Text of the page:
Greece has launched an EU-wide tender for the construction of two closed-type facilities to replace migrant camps on its islands, a move which has been criticized by a leading human rights activist. ‘man.
The Conservative government announced for the first time at the end of 2019 its plan to transfer asylum seekers to closed detention centers as part of a stricter policy for managing the flow of migrants.
The new facilities on the islands of Lesvos and Chios would be completed within eight months, the Migration Ministry said on Friday in a statement announcing the call for tenders.
He said the so-called âclosed controlled structuresâ would improve the living conditions of asylum seekers and ease the burden of the migration crisis on local communities.
However, Council of Europe Human Rights Commissioner Dunja Mijatovic wrote earlier this month to Greek ministers, urging them to reconsider the closed nature of the facilities.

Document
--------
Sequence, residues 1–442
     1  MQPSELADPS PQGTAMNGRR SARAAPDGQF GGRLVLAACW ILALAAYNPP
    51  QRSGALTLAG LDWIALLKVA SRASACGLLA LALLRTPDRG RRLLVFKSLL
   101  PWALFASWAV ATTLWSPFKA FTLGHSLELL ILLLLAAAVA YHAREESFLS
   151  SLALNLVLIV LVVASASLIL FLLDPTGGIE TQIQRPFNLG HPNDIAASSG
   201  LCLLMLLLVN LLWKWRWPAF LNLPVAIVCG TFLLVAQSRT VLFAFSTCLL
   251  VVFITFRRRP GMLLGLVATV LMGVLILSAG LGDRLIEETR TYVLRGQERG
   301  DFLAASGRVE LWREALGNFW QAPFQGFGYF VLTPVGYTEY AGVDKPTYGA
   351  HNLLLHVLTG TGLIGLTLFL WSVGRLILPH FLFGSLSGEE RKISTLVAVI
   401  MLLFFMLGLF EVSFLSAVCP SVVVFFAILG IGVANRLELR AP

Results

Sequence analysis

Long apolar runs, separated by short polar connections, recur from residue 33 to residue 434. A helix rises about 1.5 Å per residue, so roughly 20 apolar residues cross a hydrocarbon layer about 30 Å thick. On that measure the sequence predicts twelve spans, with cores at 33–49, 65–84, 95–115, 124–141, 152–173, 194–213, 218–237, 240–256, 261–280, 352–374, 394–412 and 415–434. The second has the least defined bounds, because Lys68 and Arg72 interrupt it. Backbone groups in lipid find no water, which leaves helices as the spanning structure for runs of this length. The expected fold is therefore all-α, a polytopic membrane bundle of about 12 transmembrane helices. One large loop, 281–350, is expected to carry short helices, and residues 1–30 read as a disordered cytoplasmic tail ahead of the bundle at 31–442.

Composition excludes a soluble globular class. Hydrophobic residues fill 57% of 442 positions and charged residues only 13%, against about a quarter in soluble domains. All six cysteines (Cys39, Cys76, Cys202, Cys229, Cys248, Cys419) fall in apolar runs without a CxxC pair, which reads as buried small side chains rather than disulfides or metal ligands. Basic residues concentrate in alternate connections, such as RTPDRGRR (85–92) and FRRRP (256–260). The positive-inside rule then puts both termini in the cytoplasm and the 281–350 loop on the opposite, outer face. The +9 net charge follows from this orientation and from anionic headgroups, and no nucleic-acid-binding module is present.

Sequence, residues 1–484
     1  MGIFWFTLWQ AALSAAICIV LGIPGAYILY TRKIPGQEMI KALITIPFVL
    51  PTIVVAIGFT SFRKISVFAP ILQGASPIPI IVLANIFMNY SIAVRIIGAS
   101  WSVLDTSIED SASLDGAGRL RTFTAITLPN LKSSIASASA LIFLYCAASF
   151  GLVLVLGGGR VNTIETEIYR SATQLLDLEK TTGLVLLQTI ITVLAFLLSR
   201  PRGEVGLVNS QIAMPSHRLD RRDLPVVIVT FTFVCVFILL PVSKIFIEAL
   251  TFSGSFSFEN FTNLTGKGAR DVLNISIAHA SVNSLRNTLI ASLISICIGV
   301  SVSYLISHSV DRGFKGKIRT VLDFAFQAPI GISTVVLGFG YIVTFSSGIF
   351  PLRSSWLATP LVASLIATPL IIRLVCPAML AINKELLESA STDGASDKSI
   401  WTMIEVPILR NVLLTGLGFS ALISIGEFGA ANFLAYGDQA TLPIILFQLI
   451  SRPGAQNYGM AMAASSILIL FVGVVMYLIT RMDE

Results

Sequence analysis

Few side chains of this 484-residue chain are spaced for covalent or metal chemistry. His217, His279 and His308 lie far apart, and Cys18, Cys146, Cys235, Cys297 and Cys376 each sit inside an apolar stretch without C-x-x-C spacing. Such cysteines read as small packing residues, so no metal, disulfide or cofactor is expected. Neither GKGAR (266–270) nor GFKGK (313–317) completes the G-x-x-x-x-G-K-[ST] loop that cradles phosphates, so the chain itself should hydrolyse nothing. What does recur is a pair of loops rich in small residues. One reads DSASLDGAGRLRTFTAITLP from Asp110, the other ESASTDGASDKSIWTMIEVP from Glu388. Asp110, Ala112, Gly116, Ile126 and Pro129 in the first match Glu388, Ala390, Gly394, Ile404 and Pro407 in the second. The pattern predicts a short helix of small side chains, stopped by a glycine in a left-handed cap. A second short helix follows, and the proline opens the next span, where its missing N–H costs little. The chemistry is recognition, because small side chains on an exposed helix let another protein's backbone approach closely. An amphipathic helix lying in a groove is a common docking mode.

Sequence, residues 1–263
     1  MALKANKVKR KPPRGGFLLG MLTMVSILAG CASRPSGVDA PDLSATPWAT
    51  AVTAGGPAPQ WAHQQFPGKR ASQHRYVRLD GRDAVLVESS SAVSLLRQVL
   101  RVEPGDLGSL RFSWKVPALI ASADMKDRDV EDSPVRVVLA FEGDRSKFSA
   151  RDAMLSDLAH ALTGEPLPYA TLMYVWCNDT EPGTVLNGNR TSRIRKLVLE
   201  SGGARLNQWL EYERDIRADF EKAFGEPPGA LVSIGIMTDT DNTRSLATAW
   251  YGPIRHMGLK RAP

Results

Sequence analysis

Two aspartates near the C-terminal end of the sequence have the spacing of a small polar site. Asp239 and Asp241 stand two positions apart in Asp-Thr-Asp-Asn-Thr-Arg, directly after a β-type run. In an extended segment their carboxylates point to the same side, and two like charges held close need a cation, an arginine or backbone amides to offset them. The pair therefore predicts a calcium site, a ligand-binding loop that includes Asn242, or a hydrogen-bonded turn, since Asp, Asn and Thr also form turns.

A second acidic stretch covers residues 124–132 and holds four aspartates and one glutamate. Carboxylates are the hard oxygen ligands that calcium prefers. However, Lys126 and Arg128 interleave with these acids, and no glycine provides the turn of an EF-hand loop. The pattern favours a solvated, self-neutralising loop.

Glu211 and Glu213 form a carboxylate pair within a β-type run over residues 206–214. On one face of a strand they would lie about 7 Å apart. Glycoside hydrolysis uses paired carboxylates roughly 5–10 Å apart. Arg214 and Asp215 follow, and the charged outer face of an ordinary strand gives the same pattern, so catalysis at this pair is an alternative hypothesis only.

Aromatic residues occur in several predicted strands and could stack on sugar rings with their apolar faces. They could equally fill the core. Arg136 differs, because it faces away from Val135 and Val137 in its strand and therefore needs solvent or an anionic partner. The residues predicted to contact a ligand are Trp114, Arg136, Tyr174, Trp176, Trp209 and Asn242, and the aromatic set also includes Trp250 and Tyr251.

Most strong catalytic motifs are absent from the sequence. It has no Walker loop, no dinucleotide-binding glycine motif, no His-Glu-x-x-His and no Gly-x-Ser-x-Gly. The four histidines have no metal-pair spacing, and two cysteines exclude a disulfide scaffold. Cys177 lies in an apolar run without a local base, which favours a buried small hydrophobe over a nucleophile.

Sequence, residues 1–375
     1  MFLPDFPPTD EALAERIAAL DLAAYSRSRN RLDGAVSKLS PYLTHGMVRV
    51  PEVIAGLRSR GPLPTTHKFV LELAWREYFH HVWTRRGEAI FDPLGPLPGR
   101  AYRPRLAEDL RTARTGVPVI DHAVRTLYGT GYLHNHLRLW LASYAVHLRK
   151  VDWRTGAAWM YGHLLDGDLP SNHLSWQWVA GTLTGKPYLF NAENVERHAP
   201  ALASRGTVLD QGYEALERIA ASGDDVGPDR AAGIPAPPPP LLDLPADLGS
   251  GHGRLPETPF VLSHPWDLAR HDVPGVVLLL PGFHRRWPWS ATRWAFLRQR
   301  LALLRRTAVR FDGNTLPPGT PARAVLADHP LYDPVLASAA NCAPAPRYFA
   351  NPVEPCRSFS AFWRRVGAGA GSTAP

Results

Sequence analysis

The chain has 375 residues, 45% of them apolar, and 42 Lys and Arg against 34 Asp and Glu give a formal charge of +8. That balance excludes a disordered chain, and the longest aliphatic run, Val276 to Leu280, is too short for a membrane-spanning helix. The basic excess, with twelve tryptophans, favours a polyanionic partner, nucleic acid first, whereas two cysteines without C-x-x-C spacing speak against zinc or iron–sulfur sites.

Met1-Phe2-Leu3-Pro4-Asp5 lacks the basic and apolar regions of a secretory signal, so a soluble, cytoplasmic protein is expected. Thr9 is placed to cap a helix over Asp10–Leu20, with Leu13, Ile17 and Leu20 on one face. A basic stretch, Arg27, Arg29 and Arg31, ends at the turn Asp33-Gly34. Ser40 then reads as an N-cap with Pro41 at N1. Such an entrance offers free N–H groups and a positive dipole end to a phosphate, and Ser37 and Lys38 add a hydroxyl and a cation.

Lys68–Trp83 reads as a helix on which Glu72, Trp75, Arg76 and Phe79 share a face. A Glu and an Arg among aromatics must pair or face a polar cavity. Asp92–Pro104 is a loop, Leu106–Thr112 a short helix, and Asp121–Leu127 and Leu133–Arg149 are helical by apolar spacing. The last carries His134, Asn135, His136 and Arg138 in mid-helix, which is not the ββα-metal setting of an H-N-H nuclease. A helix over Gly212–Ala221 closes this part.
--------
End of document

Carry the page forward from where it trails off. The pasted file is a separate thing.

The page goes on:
“I am concerned that this will lead to large-scale and long-term deprivation of liberty … which has very detrimental effects on their mental health, especially on the children,” Mijatovic wrote.
The migrant camps were set up by the former left-wing government on five islands close to Turkey with the aim of quickly identifying asylum seekers and dealing with the huge flow of arrivals, mainly from Syria, from Iraq and Afghanistan.
They had little success in managing the numbers and quickly reached two to three times their capacity. The camps of Lesbos and Chios have spread into olive groves with fragile tents and poor and often dangerous living conditions.
The government said this month that the number of asylum seekers on its islands fell below 10,000 for the first time since the start of the migration crisis in Europe in 2015, and down from nearly 20,000 people at their worst time in November 2018.
The camps were originally designed to accommodate around 6,000 people.
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